Almost every company has some proprietary information that acts as a secret of their success. This information is always kept confidential from the competitors. This information is called trade secrets. Theft of the trade secrets is known as “Economic Espionage”. In the present study, we will first learn the concept of “Economic Espionage” and different laws associated with it. The “Economic Espionage” can be extremely difficult to prove in the court of law. However, in the present study, we will discuss how the Economic Espionage leads a person to files for bankruptcy.
Trade secret, a type of intellectual property plays a significant role in the growth of the business. A trade secret may consist of technical or commercial information that is utilized in business. It may be any valuable business information, computer software, a manufacturing apparatus or process, or a formula for a chemical compound. It offers an advantage over competitors who are not aware of such information. This information is protected under trade secret laws. The Theft of Trade Secrets is considered as a Federal Crime. It is also known as economic espionage or industrial espionage.
The Economic Espionage Act
The Economic Espionage Act (EEA) is used as a weapon to reduce corporate espionage and the loss of valuable corporate information. It is majorly used in the United States and private companies and may result in a big amount of fine of up to $5,000,000.for an individual (up to $5 million for corporations), imprisonment up to ten years, or both. The EEA is considered as a powerful tool to protect the trade secrets of an organization. Apart from EEA, there are numerous laws that are utilized to prevent the theft of trade secrets.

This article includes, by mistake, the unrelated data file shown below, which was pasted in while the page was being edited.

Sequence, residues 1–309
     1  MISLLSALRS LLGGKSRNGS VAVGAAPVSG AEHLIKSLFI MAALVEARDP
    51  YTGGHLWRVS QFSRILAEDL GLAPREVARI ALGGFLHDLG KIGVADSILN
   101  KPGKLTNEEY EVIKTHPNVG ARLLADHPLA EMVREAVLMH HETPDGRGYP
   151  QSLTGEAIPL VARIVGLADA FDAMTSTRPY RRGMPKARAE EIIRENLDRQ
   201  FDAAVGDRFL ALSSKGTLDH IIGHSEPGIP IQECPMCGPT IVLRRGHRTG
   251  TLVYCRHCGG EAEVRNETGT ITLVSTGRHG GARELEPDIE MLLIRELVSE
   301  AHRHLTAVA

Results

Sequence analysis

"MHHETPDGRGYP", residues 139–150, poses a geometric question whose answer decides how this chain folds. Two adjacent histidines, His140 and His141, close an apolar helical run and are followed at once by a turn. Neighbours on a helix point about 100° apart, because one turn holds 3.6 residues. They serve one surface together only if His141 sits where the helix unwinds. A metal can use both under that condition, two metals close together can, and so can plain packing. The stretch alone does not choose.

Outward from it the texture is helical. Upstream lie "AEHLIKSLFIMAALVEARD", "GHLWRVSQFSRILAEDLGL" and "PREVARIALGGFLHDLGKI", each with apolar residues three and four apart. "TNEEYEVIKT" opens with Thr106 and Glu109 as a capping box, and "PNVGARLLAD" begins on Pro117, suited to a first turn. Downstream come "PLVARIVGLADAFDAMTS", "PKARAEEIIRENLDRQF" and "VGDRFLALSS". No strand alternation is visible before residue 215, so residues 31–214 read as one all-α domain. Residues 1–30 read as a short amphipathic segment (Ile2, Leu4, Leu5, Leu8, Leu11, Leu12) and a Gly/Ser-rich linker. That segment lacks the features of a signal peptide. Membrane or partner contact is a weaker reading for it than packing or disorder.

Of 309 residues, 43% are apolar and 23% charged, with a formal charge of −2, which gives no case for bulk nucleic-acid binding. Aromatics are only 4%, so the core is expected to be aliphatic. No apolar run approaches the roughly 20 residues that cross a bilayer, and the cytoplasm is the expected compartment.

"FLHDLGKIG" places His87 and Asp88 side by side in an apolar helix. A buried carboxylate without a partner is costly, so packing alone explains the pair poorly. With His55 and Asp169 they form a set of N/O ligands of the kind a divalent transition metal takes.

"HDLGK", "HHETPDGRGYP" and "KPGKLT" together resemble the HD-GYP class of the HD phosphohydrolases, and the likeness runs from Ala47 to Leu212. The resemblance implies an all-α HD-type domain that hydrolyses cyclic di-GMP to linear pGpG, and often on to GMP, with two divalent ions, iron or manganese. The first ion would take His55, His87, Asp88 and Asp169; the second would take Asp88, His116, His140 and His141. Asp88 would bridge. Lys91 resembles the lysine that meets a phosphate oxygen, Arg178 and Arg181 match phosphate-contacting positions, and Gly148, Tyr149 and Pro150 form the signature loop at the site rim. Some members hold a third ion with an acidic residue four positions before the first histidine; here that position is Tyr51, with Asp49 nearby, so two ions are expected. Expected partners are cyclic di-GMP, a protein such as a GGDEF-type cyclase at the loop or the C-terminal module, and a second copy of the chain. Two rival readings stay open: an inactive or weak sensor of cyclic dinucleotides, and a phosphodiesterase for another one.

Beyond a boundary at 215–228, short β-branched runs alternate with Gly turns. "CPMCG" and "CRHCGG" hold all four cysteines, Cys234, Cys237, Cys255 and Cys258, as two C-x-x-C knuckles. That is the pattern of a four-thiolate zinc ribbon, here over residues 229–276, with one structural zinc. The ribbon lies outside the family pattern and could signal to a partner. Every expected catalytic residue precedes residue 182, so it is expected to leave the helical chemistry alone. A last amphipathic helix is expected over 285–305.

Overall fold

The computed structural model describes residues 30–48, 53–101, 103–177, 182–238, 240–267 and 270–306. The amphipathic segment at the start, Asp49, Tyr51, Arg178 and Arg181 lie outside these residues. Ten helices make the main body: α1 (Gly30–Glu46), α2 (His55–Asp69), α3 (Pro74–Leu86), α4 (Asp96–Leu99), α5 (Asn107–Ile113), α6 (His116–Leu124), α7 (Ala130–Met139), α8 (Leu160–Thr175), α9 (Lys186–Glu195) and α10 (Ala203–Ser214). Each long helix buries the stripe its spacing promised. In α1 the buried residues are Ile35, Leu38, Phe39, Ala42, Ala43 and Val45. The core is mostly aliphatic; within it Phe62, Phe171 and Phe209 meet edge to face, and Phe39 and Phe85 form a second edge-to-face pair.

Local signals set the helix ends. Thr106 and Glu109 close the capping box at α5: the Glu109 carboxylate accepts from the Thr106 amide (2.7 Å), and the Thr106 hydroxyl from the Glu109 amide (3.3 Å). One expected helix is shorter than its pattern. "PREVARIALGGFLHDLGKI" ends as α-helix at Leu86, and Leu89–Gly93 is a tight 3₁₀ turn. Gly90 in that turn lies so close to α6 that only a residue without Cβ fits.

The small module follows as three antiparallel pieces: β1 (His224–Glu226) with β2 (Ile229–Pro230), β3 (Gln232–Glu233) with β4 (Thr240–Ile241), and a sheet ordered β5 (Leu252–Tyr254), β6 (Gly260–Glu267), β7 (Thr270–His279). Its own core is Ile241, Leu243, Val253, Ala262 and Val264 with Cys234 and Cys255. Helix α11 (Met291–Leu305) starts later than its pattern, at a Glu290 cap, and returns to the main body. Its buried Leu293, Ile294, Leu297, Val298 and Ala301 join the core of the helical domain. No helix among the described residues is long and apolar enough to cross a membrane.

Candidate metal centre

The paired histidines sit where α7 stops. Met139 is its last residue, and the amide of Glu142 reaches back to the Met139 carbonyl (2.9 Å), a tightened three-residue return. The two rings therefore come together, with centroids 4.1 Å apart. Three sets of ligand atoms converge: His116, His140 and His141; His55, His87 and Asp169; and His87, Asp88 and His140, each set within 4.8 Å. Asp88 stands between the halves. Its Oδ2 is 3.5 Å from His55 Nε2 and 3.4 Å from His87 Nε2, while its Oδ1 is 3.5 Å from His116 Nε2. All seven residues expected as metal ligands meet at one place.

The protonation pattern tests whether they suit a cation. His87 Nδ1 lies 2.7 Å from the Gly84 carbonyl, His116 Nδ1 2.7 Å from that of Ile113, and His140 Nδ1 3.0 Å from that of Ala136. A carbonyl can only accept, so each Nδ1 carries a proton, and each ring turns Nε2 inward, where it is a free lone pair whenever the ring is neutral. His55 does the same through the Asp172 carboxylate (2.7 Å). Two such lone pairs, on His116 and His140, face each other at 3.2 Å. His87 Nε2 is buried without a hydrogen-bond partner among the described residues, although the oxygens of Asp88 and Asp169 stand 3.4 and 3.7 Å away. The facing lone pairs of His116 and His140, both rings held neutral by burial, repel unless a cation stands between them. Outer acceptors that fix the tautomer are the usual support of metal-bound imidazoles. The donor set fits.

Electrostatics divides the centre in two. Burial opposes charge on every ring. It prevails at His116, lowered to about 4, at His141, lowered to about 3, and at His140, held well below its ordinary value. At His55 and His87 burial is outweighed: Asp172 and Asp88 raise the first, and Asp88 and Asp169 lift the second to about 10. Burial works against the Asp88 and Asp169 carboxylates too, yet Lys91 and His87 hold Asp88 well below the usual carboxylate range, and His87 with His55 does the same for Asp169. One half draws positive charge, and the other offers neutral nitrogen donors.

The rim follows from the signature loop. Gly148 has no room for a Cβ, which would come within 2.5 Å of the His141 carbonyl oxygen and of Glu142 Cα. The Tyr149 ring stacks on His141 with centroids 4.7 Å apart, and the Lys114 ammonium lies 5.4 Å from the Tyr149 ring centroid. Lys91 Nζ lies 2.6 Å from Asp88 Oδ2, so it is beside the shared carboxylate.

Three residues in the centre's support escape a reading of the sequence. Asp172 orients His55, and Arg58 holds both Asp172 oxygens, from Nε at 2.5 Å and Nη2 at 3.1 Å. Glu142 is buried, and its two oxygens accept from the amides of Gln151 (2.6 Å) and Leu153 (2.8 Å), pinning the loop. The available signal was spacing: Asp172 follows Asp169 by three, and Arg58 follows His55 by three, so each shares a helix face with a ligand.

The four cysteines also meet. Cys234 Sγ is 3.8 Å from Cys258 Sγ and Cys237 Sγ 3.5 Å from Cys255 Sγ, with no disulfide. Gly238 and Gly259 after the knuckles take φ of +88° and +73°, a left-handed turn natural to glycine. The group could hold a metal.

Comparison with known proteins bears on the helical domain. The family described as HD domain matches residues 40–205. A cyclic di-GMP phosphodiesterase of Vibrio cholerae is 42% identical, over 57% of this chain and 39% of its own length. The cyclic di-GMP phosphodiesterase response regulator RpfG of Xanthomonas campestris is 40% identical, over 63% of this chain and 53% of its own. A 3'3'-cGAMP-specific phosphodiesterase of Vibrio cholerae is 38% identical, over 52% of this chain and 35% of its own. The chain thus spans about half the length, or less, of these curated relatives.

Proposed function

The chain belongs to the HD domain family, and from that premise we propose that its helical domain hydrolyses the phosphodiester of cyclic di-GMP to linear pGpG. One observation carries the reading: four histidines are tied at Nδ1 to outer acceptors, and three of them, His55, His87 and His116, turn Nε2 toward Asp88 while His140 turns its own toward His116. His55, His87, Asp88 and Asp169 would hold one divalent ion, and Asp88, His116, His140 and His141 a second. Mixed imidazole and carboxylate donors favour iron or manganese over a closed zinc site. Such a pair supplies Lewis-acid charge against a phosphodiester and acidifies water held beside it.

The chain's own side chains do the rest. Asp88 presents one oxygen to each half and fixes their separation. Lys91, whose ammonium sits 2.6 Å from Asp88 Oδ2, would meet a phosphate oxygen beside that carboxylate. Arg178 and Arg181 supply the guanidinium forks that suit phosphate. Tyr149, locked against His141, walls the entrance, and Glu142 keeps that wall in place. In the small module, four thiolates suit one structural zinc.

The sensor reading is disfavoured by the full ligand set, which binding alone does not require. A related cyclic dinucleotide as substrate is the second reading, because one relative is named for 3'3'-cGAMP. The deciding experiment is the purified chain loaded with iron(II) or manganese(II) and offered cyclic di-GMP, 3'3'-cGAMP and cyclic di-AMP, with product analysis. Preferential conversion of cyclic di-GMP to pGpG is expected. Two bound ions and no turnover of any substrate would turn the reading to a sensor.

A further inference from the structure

The case study
This case study is related to the theft of trade secrets of Google by Uber. The objective of this case study to portray the power of laws made to protect Economic Espionage.
Anthony Levandowski was a star engineer employed by Google. He worked in Google on the self-driving car project. He was considered one of the brightest and best-known employees of Google. He has been working on Google autonomous projects since 2004 and developed a driverless motorcycle. In 2008, he developed a “self-driving Toyota Prius” while working on Google’s Street View maps. In 2009, Google has initiated its self-driving car project. Levandowski was one of the members of the team who was working on the self-driving car project. Suddenly, In January 2016, Levandowski left Google and became an entrepreneur. He had opened his start-up, Otto. It was a self-driving technology company. Otto was acquired by the Uber in August 2016 at the estimated cost of $680 million.
Waymo versus Uber
In 2017, Waymo which is Google’s self-driving car unit sued Uber for patent infringement stealing the information related to self-driving cars. Waymo also sued Anthony Levandowski for stealing trade secrets of Google. Uber and Anthony Levandowski pleaded guilty for stealing and using the trade secrets of Google. It was proved in court that before leaving Google, Levandowski had downloaded multiple testing documentation, manufacturing, engineering, business, and highly confidential files related to self-driving car technology. It was also proved that Uber was using Google’s trade secrets. As a result, the court ordered Mr. Levandowski to pay $179 million to Google. The court also ordered Uber to pay $245 million to Waymo.
In 2018, the lawsuit settled and Uber agreed to pay $245 million to Waymo. However, Mr. Levandowski still has to pay $179 million. It leads him to file for chapter 11 bankruptcy protection and he claimed that he had left with the amount less than $100 million.
Trade secrets are very important for the growth of a company. The protection of trade secrets is very essential as the theft of trade secrets can destroy a company. The laws related to the theft of trade secrets act as a recovery tool for trade secret theft. Generally, the trade secret laws are not considered as a powerful tool to protect Economic Espionage because it is very hard to prove the theft of trade secrets in the court. But from the case study of Google versus Uber, we have learned that the trade secrets laws are very powerful.
Authored By: Garima Sharma, Research Analyst, Operations Team